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when it can be so called, is highly animated; but their main charm consists in being profusely diversified by subordinate incidents, which afford room for the display of character and description in endless variety. The style, though often careless, is happily varied : now grave; now descriptive; now dramatic and humorous. The following passage might tempt a wish that we had been more frequently favoured with others in a similar strain:
“ There is perhaps no feeling of our nature so vague, so complicated, so mysterious, as that with which we look upon the cold remains of our fellow mortals. The dignity with which death invests even the meanest of his victims, inspires us with an awe no living being can create. The monarch on his throne'is less awful than the beggar in his shroud. The marble features—the powerless hand—the stiffened limbs-oh! who can contemplate these with feelings that can be defined ? These are the mockery of all our hopes and fears, our fondest love, our fellest hate. Can it be, that we now shrink with horror from the touch of that hand, which but yesterday was fondly clasped in our own? that tongue, whose accents even now dwelt in our ear, ever chained in the silence of death? These black and heavy eye-lids, are they for ever to seal up in darkness the eye whose glance no earthly power could restrain? And the spirit which animated the clay, where is it now? Is it wrapt in bliss, or dissolved in woe? Does it witness our grief, and share our sorrow? or is the mysterious tie that linked it with mortality for ever broken ?, and the remembrance of earthly scenes, are they indeed to the enfranchised spirit as the morning beam, or the dew upon the early flower ? Reflections such as these naturally arise in every breast. Their influence is felt, though their import cannot always be expressed. The principle is in all the same, however it may differ in its operations."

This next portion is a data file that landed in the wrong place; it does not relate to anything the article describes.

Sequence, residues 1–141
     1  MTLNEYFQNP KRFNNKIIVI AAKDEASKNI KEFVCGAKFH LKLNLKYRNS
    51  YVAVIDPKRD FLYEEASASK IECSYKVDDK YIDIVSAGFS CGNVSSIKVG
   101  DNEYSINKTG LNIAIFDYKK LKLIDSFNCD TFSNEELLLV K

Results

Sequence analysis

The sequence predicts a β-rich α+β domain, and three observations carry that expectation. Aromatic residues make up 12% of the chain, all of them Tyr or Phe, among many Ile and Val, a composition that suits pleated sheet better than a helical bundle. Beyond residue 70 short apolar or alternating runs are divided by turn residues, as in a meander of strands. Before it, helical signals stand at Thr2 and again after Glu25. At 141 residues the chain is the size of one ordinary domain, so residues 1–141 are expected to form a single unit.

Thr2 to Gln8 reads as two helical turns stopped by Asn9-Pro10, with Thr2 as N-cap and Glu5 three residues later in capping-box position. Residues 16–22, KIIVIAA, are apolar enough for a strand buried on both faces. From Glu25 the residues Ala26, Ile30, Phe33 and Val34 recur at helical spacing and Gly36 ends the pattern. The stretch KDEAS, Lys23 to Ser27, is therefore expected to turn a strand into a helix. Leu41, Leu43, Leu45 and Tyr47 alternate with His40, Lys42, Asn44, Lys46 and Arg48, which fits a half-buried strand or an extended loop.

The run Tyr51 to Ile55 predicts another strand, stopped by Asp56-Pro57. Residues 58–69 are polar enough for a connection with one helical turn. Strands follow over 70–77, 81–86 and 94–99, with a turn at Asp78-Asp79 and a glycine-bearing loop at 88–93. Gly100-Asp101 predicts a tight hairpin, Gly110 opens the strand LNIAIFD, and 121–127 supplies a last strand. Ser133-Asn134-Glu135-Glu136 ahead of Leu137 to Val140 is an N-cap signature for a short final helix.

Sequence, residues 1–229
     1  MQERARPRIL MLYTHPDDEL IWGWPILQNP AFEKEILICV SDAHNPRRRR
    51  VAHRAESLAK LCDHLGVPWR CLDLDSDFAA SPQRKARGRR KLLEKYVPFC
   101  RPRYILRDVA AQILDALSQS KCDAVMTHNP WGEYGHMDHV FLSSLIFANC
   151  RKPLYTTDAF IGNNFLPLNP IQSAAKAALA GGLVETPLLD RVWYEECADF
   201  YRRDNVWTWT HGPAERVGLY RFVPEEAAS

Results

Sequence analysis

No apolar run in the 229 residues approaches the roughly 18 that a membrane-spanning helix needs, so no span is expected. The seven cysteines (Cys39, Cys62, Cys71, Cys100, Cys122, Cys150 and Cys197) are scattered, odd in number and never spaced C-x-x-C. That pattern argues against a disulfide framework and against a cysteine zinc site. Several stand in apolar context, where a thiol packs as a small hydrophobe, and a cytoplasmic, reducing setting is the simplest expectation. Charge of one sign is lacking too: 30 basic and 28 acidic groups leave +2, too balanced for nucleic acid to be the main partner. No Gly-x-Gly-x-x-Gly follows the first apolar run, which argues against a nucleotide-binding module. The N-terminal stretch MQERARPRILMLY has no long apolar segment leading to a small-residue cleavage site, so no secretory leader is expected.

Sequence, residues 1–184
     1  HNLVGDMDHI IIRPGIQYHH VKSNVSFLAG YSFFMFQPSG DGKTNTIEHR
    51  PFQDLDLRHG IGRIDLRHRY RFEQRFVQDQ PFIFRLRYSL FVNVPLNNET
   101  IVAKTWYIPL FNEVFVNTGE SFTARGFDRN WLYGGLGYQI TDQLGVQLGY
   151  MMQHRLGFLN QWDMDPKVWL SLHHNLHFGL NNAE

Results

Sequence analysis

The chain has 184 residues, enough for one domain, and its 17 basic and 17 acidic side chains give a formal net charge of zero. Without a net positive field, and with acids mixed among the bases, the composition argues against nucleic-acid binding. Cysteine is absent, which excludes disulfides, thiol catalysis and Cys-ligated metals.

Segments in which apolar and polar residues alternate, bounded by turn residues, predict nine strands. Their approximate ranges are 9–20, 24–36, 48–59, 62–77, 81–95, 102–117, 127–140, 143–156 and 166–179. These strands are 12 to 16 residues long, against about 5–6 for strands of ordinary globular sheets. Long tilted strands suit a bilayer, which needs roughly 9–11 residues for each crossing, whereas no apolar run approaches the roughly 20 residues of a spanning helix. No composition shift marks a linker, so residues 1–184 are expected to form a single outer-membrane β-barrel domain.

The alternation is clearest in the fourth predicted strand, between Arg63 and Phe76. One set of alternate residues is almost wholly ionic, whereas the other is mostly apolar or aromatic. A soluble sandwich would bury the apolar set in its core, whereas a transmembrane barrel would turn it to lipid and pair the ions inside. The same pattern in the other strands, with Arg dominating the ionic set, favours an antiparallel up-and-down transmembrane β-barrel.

Of humour, graceful and well-timed, every second page would furnish an example; but we can only allude to the effect of Aunt Grizzy's incessant that can't be denied,' and
nobody can dispute that-Miss Jacky's 'flaming copy of Fordyce’s Sermons to Young Women'-Lady Maclaughlan's resuscitating tincture' and Methusalem pills'—Sir Samson's
large cocked hať and little-booted leg' ;-not forgetting Mrs Gawffaw's weak nerves' and dyed ribbons,' nor the glory acquired by Major M.Fuss in quelling a mob enraged by 'raising the potatoes a penny the peck’:-and verily, if wit lies in detecting resemblances between objects apparently different, Dr Redgill deserves to bear the palm for telling us that 'a beef steak is like-a woman's reputation ! -if once breathed upon, 'tis good for nothing. Of skill in delineating character our limits prevent us from giving specimens :
we cannot, however, neglect the original and inimitable Doctor just mentioned; neither can we pass by Uncle Adam of The Inheritance : he bears some resemblance, and is little inferior, to Touchwood in St Konan’s Well :his unchanged affection for Lizzie Lundie at once excites an interest, and gives more insight into his character than could be imparted by whole pages of description.